The late Bernard Aubertin was a color and performance artist deeply involved in the Zero art movement. While his work was well known in life, its impact will carry on long after Aubertin’s recent death, starting with a solo, retrospective show, titled RED: The Estate of Bernard Aubertin, at De Buck Gallery. Aubertin’s fascination with the manifestation of color, movement, and fire lend themselves to his legendary status as a performance artist.
Bernard Aubertin was born in 1934 in France, though many mistake him for a German artist after his participation in the German-rooted Zero art movement of the 1960’s. He studied painting in Paris before meeting Yves Klein who is often credited with the inspiration behind Aubertin’s work in monochromy. Aubertin once wrote, “It was as if someone had generously opened my eyes, as if the monochrome can be at once Yves’ creation, and also an expression of my own intimate taste” Aubertin began a study of the color red through monochrome paintings; initially working with materials like spatulas or even forks to facilitate movement within the frame. He quickly transitioned into the well-known nail images around 1960; the Tableau Clous series that continued throughout his life. Using nails, light, and red paint, Aubertin created startling images using light to affect the color red. In an essay within the show catalogue, it is said, “According to Aubertin, red possesses the same primordial force as fire, both freeing and regenerating, and is capable of transmitting the artist’s desire to go beyond traditional painting and renew stylistic and aesthetic canons”.
Aubertin’s infatuation with the color red did not end there, though. It slowly escalated from expressions of light impacting the color red in still pieces to moving manifestations of the color by using fire in demonstrations. He explained this change by stating, “The progression of color towards a maximum radiance, the variety of the nails, the play of light amongst the fields of nails, together constitute the materialization of my fire paintings in action”. Often setting his work ablaze, Aubertin toured with the Zero group, advancing to spinning wheels, creating 2D works with fire, matches, and circles, and then onto 3D objects like violins, cars, and books. His contemporaries in the Zero group played with light and shadow, but Aubertin and a few others, preferred to play with fire and ash.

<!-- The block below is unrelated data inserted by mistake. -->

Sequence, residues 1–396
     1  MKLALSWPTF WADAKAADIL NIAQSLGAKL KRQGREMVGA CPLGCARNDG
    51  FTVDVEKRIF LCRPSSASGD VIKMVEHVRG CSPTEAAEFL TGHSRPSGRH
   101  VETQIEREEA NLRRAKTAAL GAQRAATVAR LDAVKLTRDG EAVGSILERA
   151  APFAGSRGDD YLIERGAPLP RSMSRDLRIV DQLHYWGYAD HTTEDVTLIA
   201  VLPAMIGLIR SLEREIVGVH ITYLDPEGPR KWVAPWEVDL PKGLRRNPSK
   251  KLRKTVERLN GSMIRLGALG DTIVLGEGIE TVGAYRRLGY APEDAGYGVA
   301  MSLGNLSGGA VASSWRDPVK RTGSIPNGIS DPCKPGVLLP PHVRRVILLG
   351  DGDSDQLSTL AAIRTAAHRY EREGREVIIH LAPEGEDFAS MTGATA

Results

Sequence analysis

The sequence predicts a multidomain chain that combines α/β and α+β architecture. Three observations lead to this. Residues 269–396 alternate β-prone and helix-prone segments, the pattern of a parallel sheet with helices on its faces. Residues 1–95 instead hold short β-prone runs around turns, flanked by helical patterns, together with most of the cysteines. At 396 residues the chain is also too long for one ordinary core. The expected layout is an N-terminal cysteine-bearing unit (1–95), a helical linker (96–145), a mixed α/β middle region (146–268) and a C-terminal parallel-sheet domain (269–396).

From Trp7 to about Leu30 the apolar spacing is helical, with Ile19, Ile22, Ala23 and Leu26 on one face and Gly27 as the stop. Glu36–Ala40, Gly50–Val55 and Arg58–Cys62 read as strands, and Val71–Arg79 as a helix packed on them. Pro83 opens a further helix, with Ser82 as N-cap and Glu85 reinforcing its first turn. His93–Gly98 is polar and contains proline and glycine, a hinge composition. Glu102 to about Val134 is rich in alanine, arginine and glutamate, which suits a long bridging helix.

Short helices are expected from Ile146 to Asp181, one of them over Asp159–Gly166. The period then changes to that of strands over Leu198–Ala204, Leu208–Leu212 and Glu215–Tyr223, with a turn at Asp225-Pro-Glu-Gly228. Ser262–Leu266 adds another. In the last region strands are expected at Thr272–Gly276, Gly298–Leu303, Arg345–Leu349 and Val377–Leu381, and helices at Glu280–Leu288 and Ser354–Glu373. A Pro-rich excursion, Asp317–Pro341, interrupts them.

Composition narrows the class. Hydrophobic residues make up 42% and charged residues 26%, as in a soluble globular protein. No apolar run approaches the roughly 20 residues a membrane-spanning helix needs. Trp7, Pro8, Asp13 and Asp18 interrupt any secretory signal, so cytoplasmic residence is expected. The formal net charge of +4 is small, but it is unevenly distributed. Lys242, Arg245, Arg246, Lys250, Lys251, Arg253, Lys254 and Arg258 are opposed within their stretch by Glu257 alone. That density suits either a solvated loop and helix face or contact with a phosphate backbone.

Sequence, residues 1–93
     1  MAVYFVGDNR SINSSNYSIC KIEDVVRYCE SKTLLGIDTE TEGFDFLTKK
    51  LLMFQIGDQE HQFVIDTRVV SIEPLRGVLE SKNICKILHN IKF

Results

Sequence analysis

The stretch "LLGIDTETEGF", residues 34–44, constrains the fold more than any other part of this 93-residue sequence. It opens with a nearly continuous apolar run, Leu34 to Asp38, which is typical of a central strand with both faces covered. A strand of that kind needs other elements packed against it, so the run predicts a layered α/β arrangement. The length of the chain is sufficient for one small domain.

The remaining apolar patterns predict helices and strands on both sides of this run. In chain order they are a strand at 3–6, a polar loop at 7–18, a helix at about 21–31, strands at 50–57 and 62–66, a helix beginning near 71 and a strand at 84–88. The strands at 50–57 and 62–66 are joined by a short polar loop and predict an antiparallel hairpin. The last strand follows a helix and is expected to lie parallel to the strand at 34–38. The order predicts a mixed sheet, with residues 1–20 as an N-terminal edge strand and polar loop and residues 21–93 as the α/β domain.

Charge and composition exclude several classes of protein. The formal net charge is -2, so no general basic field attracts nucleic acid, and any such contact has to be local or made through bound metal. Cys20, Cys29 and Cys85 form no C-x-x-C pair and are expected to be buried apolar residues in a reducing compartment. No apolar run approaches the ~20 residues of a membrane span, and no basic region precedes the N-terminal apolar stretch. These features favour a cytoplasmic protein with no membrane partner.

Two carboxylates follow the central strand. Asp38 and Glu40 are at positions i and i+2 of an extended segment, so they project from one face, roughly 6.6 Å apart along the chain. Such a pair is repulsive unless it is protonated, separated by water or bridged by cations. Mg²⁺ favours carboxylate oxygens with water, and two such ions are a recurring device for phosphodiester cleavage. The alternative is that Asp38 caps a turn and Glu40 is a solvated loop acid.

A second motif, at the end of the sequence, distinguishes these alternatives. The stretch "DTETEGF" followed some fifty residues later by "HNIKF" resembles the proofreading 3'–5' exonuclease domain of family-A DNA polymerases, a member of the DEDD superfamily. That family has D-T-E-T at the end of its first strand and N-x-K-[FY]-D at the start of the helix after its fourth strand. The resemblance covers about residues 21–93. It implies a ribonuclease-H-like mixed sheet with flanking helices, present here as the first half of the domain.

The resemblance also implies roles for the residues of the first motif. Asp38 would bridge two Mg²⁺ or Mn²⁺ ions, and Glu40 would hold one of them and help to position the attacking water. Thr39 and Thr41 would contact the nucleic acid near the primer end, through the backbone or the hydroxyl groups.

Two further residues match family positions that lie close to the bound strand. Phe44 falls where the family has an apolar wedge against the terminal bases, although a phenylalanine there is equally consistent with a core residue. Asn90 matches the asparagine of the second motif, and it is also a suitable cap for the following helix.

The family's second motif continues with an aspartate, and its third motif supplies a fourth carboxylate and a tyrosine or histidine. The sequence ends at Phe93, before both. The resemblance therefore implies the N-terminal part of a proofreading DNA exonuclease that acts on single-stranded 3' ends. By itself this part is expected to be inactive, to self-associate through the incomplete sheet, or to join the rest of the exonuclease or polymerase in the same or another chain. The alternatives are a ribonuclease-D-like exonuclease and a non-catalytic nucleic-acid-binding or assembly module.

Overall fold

From the very beginning, Aubertin’s work was rooted in action. The act of hammering a nail was crucial to his early work and led to further and more dramatic actions within his future pieces. Soon it wasn’t just the act of making art, but the making of the art that became a performance in itself.
Performance art has an interesting and poorly documented history. Starting in the 1910’s with the Dada art movement and escalating with the Zero and other radical art movements of the 1960’s in Europe, performance art took the stage. Performance work was considered avant-garde, but after WWII the artists in Europe were looking for a deviation from the norm. Sometimes referred to as actionism, performance art at its core is a rejection of the formal traditions of art production, such as painting or drawing. These traditional established methods often aren’t enough to express the artist’s intentions, leading to performance or another nontraditional method of making artwork to accomplish this. However, performance art wasn’t just a fad of the 60’s, it’s still alive and well today. Though different from the well-known performing arts such as theatre, actionism plays an even larger role in modern artistry. Highly conceptual and emotive, artists who put action first are no longer hard to find, like Marina Abramovic, Heather Hanson, and the artist featured in DeBuck’s upcoming show, Shozo Shimamoto. Performance has made its way out of the avant-garde and into the accepted forms of creative expression, thanks to the help of artists like Bernard Aubertin.
Aubertin’s works, in addition to his performances, were a documentation of the actions within performance pieces, unpredictable flammable events. The use of fire made all of his pieces one of a kind. For Aubertin, the ephemeral was reality, resulting in a new discussion in which he claimed, “I have shown a new universe in which everything exists: movement.” To Aubertin, performance was a means through which to free the mind and the body, something that could not be accomplished through traditional painting. The psychological and the physical are linked through performance, “giving birth to life.” By scorching objects, canvases, and matches he did not mean to destroy the materials, but rather wanted to give them new life and a new meaning..
Bernard Aubertin was a key member of the Zero movement, a pioneer of performance art, and a monochromatic man through and through. Red was his inspiration and the single constant in his work. A passionate color, red came alive in his exceptional pieces through the use of nontraditional materials, often including nails and automobiles, or actions, like setting fire to a book. He cleared a path with fire through the art communities in Europe, giving meaning and movement to objects in a manner that no one had before.
Be sure to visit De Buck Gallery to see Red: The Estate of Bernard Aubertin, a great collection in the form of a retrospective show, featuring monochromatic and fire pieces, on view through October 29.
Text by Sarah Sickles